The same can be said of OLAF, an independent structure but internal to the Commission that does an excellent job with regard to the EU “machine” but which, having no judicial powers, has to pass the papers to national prosecutors, who are not always as reactive as the Belgian prosecutor was in the case of Qatargate. The question, therefore, arises as to whether it would not be appropriate to extend the competence of the European Public Prosecutor (EPPO) beyond the protection of financial interests under Article 86 TFEU.
In its first resolution on Qatargate, the European Parliament referred to the creation of a new ethics body via an interinstitutional agreement for protecting and promoting ethical principles within the institutions and agencies.
Speaking of the European Parliament
My impression is, however, that founding such a new entity via a simple interinstitutional agreement could be an erroneous “good idea”, notably in the absence of a clear framework of rules on transparency, good administration and the prevention and prosecution of corruption, and, thus, liable to turn out to be yet another fig leaf. Moreover, I am still convinced that a specialised authority should be created notably for the European Parliament to preserve and even develop its powers as well as its organisational independence but also to prevent future abuses while maintaining and strengthening its openness to society, as it is the only EU institution directly elected and accountable before EU citizens.
There is already an EU Regulation establishing an “Authority for European political parties and European political foundations” in compliance with Article 224 TFEU which is in charge of verifying compliance with the values on which the Union is founded, as expressed in Article 2 TEU; why not widen the scope of its competencies and empower it with credible powers of investigation also towards the EP Political Groups whose members have been elected based on a proposal by the same Political Parties?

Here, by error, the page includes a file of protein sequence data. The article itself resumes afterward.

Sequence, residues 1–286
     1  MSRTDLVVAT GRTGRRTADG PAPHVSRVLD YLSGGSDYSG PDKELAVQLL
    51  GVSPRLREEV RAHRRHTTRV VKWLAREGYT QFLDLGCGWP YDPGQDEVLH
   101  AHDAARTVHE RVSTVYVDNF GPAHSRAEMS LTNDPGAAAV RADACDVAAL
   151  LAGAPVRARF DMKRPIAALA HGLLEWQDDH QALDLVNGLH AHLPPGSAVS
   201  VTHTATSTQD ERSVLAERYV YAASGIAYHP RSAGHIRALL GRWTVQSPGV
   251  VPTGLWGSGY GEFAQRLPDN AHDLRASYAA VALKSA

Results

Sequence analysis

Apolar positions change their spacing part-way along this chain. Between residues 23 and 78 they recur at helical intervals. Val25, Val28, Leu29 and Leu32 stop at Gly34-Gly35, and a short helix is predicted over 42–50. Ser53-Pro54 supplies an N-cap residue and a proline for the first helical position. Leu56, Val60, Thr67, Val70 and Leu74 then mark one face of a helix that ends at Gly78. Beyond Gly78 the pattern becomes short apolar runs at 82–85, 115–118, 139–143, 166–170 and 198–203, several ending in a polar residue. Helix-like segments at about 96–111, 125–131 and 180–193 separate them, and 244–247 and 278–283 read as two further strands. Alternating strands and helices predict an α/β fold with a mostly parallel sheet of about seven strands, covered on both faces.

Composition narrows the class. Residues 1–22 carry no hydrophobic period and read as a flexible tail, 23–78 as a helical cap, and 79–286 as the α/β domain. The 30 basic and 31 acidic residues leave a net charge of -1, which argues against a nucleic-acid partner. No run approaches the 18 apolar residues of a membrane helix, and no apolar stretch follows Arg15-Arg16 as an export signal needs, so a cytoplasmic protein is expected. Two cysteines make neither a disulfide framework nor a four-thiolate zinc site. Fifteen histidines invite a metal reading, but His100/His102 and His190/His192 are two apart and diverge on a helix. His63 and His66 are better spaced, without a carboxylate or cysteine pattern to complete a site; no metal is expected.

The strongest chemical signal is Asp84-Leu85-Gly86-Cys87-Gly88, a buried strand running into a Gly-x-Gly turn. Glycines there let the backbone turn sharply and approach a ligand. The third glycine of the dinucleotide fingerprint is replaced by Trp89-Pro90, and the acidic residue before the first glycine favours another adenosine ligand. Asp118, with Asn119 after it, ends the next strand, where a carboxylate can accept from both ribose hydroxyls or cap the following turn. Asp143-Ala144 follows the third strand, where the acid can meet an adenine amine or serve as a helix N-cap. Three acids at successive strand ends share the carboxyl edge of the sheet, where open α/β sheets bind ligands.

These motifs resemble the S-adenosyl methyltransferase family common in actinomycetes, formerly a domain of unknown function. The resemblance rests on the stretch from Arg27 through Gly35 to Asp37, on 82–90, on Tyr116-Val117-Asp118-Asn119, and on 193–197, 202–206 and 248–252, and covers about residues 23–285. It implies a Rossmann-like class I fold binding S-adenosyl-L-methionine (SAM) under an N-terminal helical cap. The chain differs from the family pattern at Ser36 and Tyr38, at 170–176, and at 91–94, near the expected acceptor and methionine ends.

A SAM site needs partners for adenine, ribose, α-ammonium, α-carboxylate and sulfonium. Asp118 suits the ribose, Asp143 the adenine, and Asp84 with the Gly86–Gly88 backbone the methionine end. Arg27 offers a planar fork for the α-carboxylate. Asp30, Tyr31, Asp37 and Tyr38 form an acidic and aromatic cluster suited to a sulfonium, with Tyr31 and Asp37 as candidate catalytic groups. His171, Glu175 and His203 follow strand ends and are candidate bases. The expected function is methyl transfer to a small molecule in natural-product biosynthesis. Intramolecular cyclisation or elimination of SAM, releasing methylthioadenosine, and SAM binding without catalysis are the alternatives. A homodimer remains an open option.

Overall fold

Unfortunately, however, especially over the last decade, the European Parliament has acted, to say the least, in a contradictory way precisely when it comes to transparency and good administration. On the one hand, there have been repeated plenary resolutions in favour of these principles, and on the other hand, internal governing bodies such as the Bureau (which brings together the President and the 14 Vice-Presidents) have moved in the opposite direction, unfortunately with the support of the EP General Secretariat.
Thus, even today, after the General Court declared in 2018 that documents exchanged with the Council in legislative trilogues are of a legislative nature, these documents are still not listed by the EP Bureau Decision along with the other preparatory legislative documents which should be published proactively. As a citizen, you may ask to have access to these documents but only after going through exhausting procedures (whereas lobbyists obtain them without difficulty). This lack of legislative transparency is even more in contrast with the advertisement campaigns financed by the EP and its representation offices set up in the Member States and third countries to “promote” the image of the institution.